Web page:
Clouds of Love and War by Rachel Billington

clouds of love and war cover

I’m very pleased to be opening the blog tour for Rachel Billington’s latest novel, Clouds of Love and War. My thanks to the team at Bookollective for inviting me to participate.

Published by Unicorn on 15th July 2020, Clouds of Love and War is available for purchase here.

Clouds of Love and War

clouds of love and war cover

Occasionally panoramic, more often intimate, in Clouds of Love and War author Rachel Billington balances a detailed and highly researched picture of the life of a Second World War Spitfire pilot with the travails and ambitions of a young woman too often on her own. The result is both a gripping story of war and a sensitive story of love, a love that struggles to survive.

Eddie and Eva meet on the eve of the Second World War. Eddie only wants to be a flyer, to find escape in the clouds from his own complicated family. However, the Battle of Britain makes a pilot’s life a dangerous way to flee reality.

Eva has her own passionate longing: to become a painter. When Eva’s Jewish mother disappears to Germany, she is left alone with her elderly father. Both Eddie and Eva come of age at a time that teaches them that happiness is always fleeting, but there are things worth living – or dying – for.

Through the connecting stories of these young people and their wider families, and against a background of southern county airfields, London, Oxford, Dorset and France, Rachel Billington brings the world of war time England, now eighty years in the past, back to life.

My review of Clouds of Love and War

Eddie and Eva’s relationship starts as WW2 begins.

Clouds of Love and War is a sweeping narrative set against the backdrop of the Second World War that takes the reader on a journey thorough time and place.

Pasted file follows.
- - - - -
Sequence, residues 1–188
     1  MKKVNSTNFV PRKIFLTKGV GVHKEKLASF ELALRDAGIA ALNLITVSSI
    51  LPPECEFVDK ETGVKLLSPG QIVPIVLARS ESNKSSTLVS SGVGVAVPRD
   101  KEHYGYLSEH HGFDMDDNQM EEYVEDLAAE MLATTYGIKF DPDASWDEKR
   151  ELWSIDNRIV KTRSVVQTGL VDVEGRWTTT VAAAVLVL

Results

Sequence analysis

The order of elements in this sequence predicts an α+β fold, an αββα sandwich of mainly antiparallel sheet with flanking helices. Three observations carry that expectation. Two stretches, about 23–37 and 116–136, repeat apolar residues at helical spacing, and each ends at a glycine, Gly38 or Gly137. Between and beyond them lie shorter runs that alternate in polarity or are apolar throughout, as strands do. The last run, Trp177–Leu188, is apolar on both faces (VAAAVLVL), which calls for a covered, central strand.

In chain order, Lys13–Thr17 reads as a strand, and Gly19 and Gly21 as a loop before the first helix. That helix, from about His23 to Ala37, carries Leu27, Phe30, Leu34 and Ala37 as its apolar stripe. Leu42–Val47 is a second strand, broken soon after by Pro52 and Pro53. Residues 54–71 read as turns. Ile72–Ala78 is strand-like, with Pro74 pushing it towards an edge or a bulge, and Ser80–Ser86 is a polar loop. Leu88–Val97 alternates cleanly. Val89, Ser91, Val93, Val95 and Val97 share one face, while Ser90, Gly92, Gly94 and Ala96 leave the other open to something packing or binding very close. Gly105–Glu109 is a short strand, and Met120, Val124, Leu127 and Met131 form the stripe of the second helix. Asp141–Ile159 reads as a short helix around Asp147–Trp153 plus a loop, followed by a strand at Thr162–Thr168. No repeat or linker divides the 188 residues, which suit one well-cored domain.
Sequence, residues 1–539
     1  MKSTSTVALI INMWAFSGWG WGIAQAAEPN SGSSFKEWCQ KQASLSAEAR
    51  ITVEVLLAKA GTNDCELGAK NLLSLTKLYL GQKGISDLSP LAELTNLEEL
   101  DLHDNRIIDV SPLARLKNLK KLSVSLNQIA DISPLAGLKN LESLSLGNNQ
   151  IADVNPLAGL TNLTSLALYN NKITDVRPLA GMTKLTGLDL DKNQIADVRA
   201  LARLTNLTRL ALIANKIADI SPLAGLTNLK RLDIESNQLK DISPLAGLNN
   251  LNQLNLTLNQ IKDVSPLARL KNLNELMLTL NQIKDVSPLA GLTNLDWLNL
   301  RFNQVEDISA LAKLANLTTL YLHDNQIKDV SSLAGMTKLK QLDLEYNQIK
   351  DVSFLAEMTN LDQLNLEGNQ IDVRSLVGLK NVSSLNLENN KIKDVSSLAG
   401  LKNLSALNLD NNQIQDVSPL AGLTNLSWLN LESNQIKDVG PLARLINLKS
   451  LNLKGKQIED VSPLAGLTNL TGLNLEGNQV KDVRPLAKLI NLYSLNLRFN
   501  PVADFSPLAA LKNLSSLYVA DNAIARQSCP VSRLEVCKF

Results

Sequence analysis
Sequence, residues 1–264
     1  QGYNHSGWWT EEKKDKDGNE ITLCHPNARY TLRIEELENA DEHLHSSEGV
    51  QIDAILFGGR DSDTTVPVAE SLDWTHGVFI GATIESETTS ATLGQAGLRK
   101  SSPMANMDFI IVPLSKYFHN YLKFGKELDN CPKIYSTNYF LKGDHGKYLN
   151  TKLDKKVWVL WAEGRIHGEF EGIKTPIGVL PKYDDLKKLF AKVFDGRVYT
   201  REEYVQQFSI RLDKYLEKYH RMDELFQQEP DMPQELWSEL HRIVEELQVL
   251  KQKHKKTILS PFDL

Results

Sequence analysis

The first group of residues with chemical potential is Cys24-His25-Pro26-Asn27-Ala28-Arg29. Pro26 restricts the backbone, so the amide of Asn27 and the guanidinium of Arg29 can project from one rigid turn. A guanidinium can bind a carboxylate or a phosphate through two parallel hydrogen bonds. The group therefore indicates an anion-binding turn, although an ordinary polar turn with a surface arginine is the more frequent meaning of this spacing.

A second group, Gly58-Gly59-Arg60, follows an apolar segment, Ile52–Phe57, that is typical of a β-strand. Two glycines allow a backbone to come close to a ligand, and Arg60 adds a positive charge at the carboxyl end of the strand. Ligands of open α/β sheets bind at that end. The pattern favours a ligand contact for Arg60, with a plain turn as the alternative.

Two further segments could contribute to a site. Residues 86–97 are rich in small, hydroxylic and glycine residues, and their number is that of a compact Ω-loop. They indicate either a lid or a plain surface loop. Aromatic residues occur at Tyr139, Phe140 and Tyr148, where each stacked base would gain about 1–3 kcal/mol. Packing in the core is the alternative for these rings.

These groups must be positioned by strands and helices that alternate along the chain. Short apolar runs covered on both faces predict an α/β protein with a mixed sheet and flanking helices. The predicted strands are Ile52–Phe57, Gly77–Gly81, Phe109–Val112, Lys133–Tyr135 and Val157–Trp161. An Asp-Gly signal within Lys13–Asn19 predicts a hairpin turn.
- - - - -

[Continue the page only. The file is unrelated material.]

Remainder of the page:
Rachel Billington’s research is meticulous so that the reader has a clear insight into the era, the world of a fighter pilot and the upper middle classes as well as into the lives of those leading more prosaic lives, particularly some of the women in the story. This makes for an interesting blend of writing.

I have to confess that it rook me a very long time to warm to Eddie’s frenetic character and yet by the end of Clouds of Love and War I felt I had been on his journey of self-discovery with him very effectively and I understood and appreciated him much more. Indeed, I found the women far more empathetic. Eva’s desperate desire to become a painter and the events that happen to her felt quite moving at times and I liked her more than Eddie. It’s not possible to say too much more without plot spoilers because who they are and who they become is so very much part of the story.

The themes are clear and well developed. I enjoyed the frequent literary references although occasionally the more spiritual elements sat slightly uncomfortably for me, but that says more about me than Clouds of Love and War. The exploration of relationships, valour, endeavour, war and self awareness is very thorough so that there is something for all readers to take away from Rachel Billington’s writing.

Clouds of Love and War will very much appeal to those who like to be transported back to another era and especially to readers looking for a tale founded in well researched factual assiduousness.

About Rachel Billington

rachel

Rachel Billington worked in television in London and New York before taking up full-time writing in 1968. Her first novel All Things Nice was set in sixties New York. Her latest novel for adults is Clouds of Love and War, about a Spitfire pilot in the Second World War and the girl who falls in love with him.

Rachel Billington has written twenty three novels, one novella,  several books for children, and three non-fiction books.

She has also written and continues to write journalism for newspapers both in the UK and the US, including a three year stint as a columnist for The Sunday Telegraph.

Rachel Billington has written two plays for television, Don’t be Silly’ and ‘Life after Death’, both in the BBC Play for To-day series, and several radio plays, as well as contributing to film scripts.

For further information, visit Rachel’s website.

There’s more with these other bloggers too:

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